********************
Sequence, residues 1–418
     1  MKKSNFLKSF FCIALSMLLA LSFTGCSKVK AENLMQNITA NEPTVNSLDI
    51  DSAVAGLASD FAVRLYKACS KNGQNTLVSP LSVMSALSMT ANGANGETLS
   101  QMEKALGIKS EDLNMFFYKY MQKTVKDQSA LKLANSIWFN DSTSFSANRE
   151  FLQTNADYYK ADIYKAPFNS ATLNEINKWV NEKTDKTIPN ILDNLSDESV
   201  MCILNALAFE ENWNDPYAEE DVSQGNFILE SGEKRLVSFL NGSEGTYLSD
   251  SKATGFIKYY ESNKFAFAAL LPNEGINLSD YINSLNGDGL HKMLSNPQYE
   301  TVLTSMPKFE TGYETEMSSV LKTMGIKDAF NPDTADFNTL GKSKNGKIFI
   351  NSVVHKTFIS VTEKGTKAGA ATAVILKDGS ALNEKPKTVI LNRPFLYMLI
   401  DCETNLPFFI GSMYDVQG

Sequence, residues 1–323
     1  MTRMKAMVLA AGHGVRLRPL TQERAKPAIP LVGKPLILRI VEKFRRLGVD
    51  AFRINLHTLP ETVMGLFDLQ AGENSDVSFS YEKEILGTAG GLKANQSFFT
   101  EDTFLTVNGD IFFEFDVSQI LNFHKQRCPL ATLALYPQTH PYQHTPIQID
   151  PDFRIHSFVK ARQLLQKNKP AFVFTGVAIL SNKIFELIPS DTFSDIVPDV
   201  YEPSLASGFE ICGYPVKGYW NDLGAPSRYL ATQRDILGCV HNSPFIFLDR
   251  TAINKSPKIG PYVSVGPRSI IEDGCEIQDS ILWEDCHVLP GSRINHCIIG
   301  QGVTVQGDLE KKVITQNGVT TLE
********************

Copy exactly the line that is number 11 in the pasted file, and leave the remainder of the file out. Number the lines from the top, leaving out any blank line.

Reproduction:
Sequence, residues 1–323